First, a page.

Wednesday, 5 September 2012

THRIVE! Wellness after Cancer: Guest Post from Stephanie Butland

SCC: Thrive! It's a cheerful word.  It makes me think of healthy green plants bursting out of the warming spring earth and reaching towards the sun.  That's pretty much how Stephanie Butland's new book, Thrive: the Bah! Guide to wellness after cancer made me feel while I was reading it too.  For those of you who don't know her, Stephanie is...well...thriving after an up close and personal encounter with breast cancer.  Her first book, How I Said Bah! to Cancer, was published two years ago.  It's bloody marvellous, and I wish I'd had it to share with my sister ten years ago.  This new book is equally fab.  It's down to earth, practical, unremittingly honest and uplifting - all at the same time, and struck me as being helpful not just for cancer sufferers and their families, but also in a wider context, since many of the visualisations and exercises would help those suffering from depression, or a debilitating illness too.

Three quotes from this book particularly stuck in my head:   
"I think language is important. I believe that the words that we choose reach out into the world and show the world how to treat us.  And I believe that those words also snake down into our unconscious and form a blueprint for our brains to follow." 
Absolutely.  I am a person who works with words as my job, but I also know from my experiences during my training in shamanism, and from my time on the Hoffman Process that positive words and positive visualisations have the power to change both minds and bodies.
"You have to fill your own well.  You have to nurture yourself."  
Taking care of yourself is something a lot of people find hard.  They forget, they somehow think it's not important, they're too busy taking care of everyone around them. But if you're not taking care of yourself, then the well can run dry.
"When you are struggling - lift up your heart."
This is a hugely powerful thing to visualise.  Your heart, lifting in your body as if it was tied to a balloon.  Wow! Do try it.

If you or anyone you know are touched by cancer, then this is a book you should buy, and I'm delighted to welcome Stephanie to Scribble City Central to talk about how lucky she feels to be thriving, 'what ifs', and the baby steps and giant strides of progress.

SBMy copies of Thrive: the Bah! Guide to wellness after cancer arrived on an overcast day in August. I put a photograph of myself, clutching as many copies as I could and grinning like an idiot, on my blog and Facebook and Twitter - I’ve yet to work out which form of social media is for what - and lots of people kindly commented on how well I was looking.

And I felt well. I don’t measure wellness in Olympian terms, but even so. I’d just had a weekend where I’d slept deeply, taken a long walk, spent an afternoon shopping, and had lots of exchanges with my friends and family during which no-one felt the need to make any concessions to, or even enquiries after, my health. My hair was long enough to be clipped back, I had eaten what I liked without worrying about what bits of my digestive system would get upset, I was only short of breath when I’d done something that merited it.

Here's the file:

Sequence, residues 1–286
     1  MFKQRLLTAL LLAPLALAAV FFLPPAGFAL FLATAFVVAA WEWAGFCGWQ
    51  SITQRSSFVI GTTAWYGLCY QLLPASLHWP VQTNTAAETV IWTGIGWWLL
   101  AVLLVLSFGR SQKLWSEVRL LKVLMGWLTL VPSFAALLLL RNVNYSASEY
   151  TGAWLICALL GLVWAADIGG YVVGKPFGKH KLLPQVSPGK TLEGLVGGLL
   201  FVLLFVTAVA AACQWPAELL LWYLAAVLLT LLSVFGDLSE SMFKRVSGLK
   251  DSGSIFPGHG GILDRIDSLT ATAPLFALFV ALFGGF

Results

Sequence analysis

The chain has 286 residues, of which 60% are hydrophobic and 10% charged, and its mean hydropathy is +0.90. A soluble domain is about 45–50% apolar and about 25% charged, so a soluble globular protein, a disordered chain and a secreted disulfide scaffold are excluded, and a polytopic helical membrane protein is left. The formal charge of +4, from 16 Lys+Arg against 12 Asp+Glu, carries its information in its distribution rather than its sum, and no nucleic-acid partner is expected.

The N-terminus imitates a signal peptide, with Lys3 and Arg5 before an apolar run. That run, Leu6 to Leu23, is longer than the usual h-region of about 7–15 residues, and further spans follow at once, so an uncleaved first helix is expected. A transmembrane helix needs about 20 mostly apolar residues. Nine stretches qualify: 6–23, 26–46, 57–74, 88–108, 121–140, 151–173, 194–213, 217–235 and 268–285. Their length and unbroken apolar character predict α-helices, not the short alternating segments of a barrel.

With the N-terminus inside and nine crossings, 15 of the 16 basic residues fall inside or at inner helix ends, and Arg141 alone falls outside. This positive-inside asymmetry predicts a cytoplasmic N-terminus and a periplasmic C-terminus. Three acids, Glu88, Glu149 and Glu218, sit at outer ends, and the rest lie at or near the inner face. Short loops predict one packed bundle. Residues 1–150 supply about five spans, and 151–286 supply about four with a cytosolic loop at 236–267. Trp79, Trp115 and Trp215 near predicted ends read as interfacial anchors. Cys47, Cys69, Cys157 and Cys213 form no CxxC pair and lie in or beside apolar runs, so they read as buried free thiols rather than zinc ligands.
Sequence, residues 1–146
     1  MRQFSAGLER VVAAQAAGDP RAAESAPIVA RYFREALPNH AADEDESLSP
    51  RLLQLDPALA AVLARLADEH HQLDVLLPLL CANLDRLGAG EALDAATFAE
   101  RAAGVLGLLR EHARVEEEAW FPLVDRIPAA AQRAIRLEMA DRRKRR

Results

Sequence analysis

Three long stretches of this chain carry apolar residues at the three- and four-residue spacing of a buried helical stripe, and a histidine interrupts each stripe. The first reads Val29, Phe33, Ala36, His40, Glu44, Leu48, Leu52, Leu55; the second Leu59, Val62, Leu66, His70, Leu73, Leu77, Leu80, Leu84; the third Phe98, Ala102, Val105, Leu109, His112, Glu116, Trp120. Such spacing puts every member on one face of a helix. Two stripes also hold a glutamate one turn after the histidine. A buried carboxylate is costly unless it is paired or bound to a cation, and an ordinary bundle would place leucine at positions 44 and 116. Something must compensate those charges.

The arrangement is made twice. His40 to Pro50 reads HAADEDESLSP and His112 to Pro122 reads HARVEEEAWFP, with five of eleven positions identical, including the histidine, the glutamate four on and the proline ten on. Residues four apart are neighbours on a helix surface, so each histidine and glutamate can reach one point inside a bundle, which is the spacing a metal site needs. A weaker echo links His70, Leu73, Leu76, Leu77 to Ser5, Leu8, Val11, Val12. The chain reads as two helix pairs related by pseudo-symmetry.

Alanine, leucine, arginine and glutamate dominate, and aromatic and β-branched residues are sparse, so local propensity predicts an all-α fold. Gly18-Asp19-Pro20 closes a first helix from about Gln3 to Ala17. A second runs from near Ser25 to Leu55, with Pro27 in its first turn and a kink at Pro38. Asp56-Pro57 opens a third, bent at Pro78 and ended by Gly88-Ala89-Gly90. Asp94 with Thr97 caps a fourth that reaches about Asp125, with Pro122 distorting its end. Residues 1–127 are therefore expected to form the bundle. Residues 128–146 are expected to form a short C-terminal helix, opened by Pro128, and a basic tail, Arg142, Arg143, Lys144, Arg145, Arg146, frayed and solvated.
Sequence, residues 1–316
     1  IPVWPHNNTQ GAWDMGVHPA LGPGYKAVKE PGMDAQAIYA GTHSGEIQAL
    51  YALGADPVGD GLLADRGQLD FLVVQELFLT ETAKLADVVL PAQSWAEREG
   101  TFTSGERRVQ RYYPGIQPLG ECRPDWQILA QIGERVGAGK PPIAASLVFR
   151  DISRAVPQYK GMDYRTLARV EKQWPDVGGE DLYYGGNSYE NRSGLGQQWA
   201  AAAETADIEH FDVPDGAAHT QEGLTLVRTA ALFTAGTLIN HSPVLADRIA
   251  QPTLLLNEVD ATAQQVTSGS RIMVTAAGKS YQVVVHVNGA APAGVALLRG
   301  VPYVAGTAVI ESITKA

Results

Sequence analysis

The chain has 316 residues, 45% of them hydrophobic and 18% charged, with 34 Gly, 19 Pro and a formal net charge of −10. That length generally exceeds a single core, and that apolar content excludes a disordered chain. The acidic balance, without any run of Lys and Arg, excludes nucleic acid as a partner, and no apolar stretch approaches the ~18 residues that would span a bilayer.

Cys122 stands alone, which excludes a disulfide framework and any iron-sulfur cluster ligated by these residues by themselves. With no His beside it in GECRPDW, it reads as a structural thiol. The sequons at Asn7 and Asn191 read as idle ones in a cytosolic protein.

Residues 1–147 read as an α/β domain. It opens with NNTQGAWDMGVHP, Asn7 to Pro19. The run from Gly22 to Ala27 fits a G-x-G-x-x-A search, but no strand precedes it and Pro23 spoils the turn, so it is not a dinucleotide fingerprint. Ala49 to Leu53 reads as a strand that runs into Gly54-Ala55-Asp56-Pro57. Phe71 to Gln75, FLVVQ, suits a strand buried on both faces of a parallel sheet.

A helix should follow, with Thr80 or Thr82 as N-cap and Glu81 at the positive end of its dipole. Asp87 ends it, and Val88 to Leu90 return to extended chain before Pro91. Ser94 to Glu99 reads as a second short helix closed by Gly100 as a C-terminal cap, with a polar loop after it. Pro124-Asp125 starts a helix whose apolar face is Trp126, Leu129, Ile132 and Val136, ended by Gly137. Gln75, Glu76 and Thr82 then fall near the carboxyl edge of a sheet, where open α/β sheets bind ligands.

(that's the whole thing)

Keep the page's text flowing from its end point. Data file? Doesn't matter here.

And I thought, as I stood with my books in my hand, about how I wrote this book about thriving when I felt so well. I thought I was thriving. I look back now at the writer submitting the manuscript, and I think about how far I’ve come. I hope that, in a year, I will look back on that photo of me with the books and think of how much better I feel now. The progress I make these days is more subtle, on a graph a gentle curve connecting quieter mind and stronger arms and less time prodding my scars in case I can feel something nasty lurking under there, but it’s still there.

It’s such a long way from cancer survival to genuine wellness. There’s very little in the body that cancer treatment doesn’t affect for the worse. And the psychological impact of facing up to a Big Illness, the guilt of surviving it, the figuring-out of how life should be after it - all of these things take their toll too.

I do feel lucky, so very lucky. I could write a book of ‘ifs’ that would have a much less happy ending. (If the lump hadn’t been so near the surface of my breast I could see it, if my husband hadn’t made me see my GP, if it wasn’t the twenty-first century, if I hadn’t had an expert surgeon, if the cancer had got just a little bit further...) Thankfully, these days there are more lucky ones than you can shake a stick at, and I got to write that book. It’s a book about how to move away from cancer and towards good health, little by little, by being kind to yourself and using your mind and trusting your heart and, above all, being proactive and practical. If you need it, I hope it finds you, and I hope it helps you.

SCC:  Thank you so much for visiting, Stephanie, and for being such an inspirational guest blogger.

The next stop on Stephanie's tour is at Scott Pack's Me And My Big Mouth blog, where she assures me she'll be talking about cake (mmmmn...cake!).  I'll go anywhere for cake (even the virtual variety), so I'll be visiting....

Stephanie on Twitter
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You can buy copies of both of Stephanie's books by clicking HERE.


Oncology Surgery India said...

Thank you for giving such a valuable information on cancer treatment,This information is really helpful for my grandfather who is suffering from cancer and will undergo cancer treatment in india.
Once again thank you.

Nicola Morgan said...

An inspiration - thank you, Stephanie and Lucy. x

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